Undergraduate Honors Theses

Thesis Defended

Fall 2015

Document Type

Thesis

Type of Thesis

Departmental Honors

Department

Geography

First Advisor

Waleed Abdalati

Second Advisor

William Travis

Third Advisor

Suzanne Nelson

Abstract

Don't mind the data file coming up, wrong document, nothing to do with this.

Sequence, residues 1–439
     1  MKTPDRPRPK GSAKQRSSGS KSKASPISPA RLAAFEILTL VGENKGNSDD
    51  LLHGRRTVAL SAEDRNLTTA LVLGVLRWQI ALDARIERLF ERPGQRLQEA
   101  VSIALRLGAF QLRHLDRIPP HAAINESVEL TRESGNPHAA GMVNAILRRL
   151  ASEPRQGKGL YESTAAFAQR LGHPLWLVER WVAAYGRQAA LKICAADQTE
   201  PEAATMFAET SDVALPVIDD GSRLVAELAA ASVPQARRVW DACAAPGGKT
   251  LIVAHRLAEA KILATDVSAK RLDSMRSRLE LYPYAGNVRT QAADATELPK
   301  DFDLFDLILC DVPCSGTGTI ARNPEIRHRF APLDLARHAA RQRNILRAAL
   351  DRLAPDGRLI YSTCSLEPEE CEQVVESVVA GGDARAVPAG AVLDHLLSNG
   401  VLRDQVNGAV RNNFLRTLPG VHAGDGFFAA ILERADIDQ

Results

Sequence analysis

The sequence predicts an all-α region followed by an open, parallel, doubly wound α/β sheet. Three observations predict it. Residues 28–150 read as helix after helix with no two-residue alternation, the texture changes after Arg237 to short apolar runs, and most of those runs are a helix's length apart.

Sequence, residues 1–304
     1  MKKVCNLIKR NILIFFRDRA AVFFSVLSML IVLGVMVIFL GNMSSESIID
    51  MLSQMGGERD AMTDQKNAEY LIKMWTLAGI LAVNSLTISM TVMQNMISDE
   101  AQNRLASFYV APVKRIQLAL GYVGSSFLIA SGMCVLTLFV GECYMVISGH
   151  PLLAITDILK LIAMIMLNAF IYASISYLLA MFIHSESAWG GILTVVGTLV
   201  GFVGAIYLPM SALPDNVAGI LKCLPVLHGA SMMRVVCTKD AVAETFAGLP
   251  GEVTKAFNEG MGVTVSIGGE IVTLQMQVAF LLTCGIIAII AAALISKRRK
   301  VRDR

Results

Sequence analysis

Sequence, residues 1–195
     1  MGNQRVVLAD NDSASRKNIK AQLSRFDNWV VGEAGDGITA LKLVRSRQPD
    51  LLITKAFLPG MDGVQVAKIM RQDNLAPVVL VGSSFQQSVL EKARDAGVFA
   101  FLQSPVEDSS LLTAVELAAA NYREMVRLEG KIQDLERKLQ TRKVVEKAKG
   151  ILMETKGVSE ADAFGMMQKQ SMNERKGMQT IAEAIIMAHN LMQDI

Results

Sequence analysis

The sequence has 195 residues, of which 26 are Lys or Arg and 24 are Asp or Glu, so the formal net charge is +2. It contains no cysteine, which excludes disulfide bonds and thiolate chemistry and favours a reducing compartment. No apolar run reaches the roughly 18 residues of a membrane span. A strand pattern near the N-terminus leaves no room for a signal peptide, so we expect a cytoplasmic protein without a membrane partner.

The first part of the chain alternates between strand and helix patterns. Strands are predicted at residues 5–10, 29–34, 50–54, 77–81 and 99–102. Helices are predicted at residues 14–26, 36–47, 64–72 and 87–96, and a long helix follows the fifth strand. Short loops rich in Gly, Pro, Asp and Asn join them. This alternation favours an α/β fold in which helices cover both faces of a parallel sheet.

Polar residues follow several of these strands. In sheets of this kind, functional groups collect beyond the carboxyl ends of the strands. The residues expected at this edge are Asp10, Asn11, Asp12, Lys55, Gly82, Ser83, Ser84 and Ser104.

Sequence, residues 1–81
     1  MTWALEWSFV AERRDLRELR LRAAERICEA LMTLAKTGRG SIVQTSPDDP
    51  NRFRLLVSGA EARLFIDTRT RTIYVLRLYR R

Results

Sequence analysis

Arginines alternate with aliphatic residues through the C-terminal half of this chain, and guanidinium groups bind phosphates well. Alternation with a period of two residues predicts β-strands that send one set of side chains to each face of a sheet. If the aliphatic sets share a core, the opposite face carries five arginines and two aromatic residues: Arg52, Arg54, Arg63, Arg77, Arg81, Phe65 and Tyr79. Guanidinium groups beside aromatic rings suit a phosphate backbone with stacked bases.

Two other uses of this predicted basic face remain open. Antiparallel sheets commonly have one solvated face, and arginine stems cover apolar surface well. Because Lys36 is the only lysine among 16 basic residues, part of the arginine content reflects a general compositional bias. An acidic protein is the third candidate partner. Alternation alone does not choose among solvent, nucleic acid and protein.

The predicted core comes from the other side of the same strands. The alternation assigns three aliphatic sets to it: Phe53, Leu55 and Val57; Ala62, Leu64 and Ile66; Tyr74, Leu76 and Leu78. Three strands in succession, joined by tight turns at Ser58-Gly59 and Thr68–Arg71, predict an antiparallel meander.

The focus of this thesis is to explore remote sensing and GIS techniques used in the exploration of geothermal energy resources. A literature review investigated various methodologies, workflows, and algorithms used in geothermal reconnaissance. This knowledge was then implemented in a case study of regions in Colorado. Using GIS data and maps, a region showing high potential of geothermal resource presence was determined. Located near Trinidad, Colorado, this region of interest was then investigated through image analysis incorporating methods researched in the literature review. Anomalies were found and confirmed complications found in current practices in remote sensing geothermal resources. Thermal infrared (TIR) analysis is complicated with introduced thermal noise from insolation interactions with both surface and atmosphere, resulting in a masking of subsurface thermal anomalous readings. Further research is required to remove the effects of insolation to create an efficient geothermal reconnaissance workflow. This workflow would be improved with the incorporation of in situ spectroscopic analysis used in tandem with hyperspectral and high resolution shortwave infrared (SWIR) image analysis methodologies accounting for insolation and thermal inertia effects. Field work obtaining thermal and mineralogical spectroscopy of regions with discovered anomalies using GIS data and interpolated map surfaces will improve workflow. Incorporating field data covering a region of interest over time, observing seasonal changes in solar radiation and precipitation can improve landcover classification techniques and improve the location of geothermal resources.